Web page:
Multivariate ENSO Index (MEI) (March) These numbers were released April 6th and indicate the index decreased slightly to +1.96. The Feb reading was +2.12. In Jan the reading increased slightly by 0.08 to +2.20, holding it in the third highest since 1950 behind the '82/83 and '97/98 El Ninos. Since it has not reached the +3.0 standard deviation level, it is NOT considered a Super El Nino, nor is it expected to reach that status. The Dec reading was +2.12. The Nov ranking was +2.31, up barely from +2.23 (Oct), down from it's peak of +2.53 in Sept, and from +2.37 in Aug. The top 6 events since 1950 in order are: '97, '82, '15, '91, '86, and '72 with '97 and '82 classified as 'Super El Nino's' because they reached 3 standard deviations (SD) above normal. '91 and '86 were at about 2.2 and 2.1 respectively with '72 peaking at 1.8 SD's above the norm. This years El Nino was the third strongest since 1950 per this index.
Pacific Decadal Oscillation: The PDO turned from a 6 year negative run (2008-2013) in early 2014 and has been mostly above +1.5 all of 2015. In Jan 2016 it was +1.53 and up to +1.75 in Feb. Looking at the long term record, it is premature to conclude that we have in-fact turned from the negative phase (La Nina 'like') to the positive phase (El Nino 'like'), but the data suggests that could be a real possibility. We've been in the negative phase since 1998 through at least 2013 (15 years). By the time it is confirmed (4-5 years out), we will be well into it.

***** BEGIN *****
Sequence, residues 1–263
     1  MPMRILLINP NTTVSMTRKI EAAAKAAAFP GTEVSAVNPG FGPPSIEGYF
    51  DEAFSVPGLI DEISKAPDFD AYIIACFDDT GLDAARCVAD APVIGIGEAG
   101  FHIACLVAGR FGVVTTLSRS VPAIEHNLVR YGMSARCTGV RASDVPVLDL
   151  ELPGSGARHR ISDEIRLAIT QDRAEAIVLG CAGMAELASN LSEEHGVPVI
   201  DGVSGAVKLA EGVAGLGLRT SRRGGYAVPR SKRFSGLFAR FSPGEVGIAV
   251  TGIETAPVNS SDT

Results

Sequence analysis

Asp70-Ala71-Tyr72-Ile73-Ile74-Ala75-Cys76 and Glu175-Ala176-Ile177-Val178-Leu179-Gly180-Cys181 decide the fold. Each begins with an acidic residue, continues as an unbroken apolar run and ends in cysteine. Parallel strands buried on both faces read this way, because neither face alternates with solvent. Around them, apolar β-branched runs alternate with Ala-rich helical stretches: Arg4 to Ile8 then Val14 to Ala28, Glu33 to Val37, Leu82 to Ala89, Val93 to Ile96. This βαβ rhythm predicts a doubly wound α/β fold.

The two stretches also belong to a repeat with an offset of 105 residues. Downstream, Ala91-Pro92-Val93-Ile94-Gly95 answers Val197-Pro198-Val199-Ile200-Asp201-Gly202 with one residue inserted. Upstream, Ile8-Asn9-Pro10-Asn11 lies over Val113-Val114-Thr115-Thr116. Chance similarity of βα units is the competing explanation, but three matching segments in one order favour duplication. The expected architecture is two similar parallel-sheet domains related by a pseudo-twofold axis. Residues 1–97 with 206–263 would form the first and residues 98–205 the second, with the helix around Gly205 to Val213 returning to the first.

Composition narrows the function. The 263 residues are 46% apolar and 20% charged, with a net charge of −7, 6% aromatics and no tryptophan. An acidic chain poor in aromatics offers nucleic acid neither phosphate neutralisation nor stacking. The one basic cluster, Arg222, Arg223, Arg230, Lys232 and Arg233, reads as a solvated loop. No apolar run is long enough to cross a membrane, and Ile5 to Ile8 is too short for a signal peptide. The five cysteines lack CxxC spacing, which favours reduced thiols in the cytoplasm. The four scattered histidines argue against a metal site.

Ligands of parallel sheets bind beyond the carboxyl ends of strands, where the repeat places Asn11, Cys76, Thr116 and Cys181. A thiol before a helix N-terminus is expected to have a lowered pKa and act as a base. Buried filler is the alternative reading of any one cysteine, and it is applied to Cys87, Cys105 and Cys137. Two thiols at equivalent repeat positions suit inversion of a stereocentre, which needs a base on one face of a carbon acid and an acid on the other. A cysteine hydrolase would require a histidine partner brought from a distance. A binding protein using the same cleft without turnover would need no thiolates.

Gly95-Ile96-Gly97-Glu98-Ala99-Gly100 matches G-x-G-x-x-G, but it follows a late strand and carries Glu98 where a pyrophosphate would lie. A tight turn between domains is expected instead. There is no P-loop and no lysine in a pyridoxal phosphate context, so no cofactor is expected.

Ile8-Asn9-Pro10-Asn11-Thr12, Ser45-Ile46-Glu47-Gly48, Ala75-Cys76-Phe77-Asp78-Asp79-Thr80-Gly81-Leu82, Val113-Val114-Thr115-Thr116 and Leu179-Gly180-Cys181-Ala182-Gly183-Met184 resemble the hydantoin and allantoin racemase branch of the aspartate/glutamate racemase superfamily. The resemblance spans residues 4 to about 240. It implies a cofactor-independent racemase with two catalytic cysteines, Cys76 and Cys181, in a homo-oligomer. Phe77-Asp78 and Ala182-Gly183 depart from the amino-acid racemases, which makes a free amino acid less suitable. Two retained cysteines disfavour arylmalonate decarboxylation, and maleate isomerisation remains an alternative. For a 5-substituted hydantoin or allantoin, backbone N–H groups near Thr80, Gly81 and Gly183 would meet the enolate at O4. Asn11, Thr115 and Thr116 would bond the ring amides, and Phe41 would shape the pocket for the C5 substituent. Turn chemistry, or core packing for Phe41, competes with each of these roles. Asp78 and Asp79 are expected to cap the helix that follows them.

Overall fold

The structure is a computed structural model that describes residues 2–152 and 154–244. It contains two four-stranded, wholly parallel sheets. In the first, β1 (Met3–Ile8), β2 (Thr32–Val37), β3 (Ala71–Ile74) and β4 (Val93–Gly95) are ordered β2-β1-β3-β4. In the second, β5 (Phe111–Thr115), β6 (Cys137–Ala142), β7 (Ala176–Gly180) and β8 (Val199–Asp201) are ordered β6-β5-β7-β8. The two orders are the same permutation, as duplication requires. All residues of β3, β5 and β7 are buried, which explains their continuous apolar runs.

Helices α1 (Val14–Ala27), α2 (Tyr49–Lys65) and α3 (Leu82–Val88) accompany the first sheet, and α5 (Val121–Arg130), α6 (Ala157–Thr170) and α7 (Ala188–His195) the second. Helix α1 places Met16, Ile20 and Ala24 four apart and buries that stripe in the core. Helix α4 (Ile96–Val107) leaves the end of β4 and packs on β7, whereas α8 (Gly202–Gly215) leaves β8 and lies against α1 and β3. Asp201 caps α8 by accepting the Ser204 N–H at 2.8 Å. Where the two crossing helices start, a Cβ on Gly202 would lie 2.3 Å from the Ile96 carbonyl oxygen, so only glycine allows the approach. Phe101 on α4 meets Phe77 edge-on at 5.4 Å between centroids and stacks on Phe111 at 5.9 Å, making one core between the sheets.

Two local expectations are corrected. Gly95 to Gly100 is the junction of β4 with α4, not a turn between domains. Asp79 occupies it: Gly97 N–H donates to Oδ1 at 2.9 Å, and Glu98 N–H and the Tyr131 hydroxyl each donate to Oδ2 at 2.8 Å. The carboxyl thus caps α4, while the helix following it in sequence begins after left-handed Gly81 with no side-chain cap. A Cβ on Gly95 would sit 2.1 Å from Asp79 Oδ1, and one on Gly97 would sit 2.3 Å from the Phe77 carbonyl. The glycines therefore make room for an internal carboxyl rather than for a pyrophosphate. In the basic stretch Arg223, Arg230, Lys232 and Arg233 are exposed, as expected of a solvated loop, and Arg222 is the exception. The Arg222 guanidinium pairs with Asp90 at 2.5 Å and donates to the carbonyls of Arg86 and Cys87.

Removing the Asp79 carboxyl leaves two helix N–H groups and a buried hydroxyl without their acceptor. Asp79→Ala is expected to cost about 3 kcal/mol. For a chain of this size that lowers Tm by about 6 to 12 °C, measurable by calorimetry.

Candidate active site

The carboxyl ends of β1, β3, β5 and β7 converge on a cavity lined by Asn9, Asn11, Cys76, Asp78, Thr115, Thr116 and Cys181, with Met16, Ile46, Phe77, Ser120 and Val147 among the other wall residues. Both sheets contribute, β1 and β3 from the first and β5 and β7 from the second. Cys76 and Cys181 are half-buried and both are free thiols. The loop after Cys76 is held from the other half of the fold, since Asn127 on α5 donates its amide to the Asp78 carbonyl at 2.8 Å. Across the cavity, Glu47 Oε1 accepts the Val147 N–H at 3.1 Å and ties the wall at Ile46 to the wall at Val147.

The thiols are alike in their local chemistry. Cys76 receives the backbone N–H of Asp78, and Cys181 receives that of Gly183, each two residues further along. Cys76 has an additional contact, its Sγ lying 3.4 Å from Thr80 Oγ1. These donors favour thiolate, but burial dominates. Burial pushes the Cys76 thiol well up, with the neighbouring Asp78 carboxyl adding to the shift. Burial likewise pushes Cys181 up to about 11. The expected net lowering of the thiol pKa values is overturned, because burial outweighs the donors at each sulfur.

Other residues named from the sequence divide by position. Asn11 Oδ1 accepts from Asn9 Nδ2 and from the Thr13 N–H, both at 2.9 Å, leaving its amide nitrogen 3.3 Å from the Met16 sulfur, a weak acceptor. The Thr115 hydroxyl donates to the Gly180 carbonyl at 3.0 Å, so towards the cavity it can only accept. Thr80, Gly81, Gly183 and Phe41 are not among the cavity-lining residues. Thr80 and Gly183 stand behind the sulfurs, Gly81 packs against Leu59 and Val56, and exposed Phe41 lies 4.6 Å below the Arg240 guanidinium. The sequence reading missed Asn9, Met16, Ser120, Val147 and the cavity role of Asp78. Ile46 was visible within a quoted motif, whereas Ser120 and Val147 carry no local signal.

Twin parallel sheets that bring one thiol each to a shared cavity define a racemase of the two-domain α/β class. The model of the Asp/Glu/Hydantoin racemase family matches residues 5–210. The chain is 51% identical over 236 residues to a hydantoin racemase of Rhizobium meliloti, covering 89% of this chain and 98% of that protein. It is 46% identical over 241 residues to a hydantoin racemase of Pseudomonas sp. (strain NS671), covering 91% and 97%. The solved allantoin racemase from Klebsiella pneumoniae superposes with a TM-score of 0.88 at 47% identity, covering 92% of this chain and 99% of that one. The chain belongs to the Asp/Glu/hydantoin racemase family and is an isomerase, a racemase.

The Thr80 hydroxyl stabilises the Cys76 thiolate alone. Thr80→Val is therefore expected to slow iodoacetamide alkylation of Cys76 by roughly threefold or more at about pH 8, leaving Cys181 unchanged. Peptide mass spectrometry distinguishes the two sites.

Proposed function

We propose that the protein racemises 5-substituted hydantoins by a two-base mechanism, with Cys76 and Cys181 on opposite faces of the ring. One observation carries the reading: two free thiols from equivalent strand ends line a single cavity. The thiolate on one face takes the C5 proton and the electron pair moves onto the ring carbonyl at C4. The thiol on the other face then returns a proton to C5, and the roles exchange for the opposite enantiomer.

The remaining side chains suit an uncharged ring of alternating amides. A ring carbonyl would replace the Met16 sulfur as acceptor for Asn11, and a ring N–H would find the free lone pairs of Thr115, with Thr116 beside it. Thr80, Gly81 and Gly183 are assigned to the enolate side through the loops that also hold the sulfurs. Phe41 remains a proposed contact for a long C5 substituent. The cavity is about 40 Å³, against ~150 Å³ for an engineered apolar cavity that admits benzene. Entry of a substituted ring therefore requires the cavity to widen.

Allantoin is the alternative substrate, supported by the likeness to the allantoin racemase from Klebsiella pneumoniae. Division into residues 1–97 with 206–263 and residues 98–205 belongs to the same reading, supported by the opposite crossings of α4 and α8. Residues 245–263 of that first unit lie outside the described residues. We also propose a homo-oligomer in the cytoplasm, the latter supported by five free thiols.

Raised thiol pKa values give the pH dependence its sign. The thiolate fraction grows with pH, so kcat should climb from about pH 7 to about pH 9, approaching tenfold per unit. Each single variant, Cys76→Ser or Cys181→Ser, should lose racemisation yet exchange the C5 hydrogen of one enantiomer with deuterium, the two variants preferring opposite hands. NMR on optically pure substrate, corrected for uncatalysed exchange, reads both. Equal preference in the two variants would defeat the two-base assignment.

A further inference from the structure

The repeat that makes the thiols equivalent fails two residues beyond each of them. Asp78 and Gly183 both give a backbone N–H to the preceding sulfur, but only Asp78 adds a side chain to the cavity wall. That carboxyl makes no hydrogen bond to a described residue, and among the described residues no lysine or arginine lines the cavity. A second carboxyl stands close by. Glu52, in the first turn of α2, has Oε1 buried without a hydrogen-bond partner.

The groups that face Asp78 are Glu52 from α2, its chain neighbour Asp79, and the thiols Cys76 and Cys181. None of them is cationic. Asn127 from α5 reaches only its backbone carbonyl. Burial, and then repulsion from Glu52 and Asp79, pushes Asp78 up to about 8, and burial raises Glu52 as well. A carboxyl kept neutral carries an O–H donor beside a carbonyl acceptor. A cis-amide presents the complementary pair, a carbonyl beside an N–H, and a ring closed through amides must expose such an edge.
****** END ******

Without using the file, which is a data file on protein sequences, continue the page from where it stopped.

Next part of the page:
Conclusion: This El Nino is the 3rd strongest El Nino since 1950 based primarily on the MEI. Centered Monthly Nino3.4 data suggests it is the strongest. Based on California precipitation, this one does not compared to any major El Nino in recent memory. Based on surf, El Nino has had the expected effect producing 13 significant class swells in the North Pacific so far this season. The target is 16, but that appears ambitious. From a pure El Nino perspective, the peak of the event is over. But from a teleconnection standpoint, the warm pool in Nino3.4 is still imparting solid energy to the atmosphere. The Inactive Phase of the MJO is destructively interacting with the influence on the jet stream and storm production. And this will continue until the next Active Phase of the MJO comes into.cgiay (if at all). With the season moving towards Spring, and SST anomalies fading in the Ninos zones, the MJOs influence will not be a strong as previous Active Phases in winter.
The focus now turns to how quick and how much will the jet be affected for the Fall and Winter of 2016-2017. It's too early to know anything definitive yet, but with the PDO still positive, it is possible the transition to La Nina may not be a strong as in past events.
See imagery in the ENSO Powertool
External Reference Material: El Nino Southern Oscillation (ENSO), Madden Julian Oscillation (MJO), Pacific Decadal Oscillation (PDO), Southern Oscillation Index (SOI), Kelvin Wave
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Surf Height-Swell Height Correlation Table